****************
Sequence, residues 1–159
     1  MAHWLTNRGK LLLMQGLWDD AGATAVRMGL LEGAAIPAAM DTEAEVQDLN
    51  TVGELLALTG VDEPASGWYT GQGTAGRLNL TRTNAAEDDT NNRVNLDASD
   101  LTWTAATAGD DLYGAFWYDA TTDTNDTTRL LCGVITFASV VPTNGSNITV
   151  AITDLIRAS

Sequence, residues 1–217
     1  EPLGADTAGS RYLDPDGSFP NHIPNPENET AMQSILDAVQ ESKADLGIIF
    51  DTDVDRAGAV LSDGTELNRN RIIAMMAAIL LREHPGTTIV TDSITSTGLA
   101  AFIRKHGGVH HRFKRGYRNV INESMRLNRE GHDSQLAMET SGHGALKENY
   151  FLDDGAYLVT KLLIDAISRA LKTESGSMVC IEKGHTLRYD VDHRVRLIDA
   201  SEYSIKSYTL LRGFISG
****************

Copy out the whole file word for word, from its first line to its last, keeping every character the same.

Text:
Sequence, residues 1–159
     1  MAHWLTNRGK LLLMQGLWDD AGATAVRMGL LEGAAIPAAM DTEAEVQDLN
    51  TVGELLALTG VDEPASGWYT GQGTAGRLNL TRTNAAEDDT NNRVNLDASD
   101  LTWTAATAGD DLYGAFWYDA TTDTNDTTRL LCGVITFASV VPTNGSNITV
   151  AITDLIRAS

Sequence, residues 1–217
     1  EPLGADTAGS RYLDPDGSFP NHIPNPENET AMQSILDAVQ ESKADLGIIF
    51  DTDVDRAGAV LSDGTELNRN RIIAMMAAIL LREHPGTTIV TDSITSTGLA
   101  AFIRKHGGVH HRFKRGYRNV INESMRLNRE GHDSQLAMET SGHGALKENY
   151  FLDDGAYLVT KLLIDAISRA LKTESGSMVC IEKGHTLRYD VDHRVRLIDA
   201  SEYSIKSYTL LRGFISG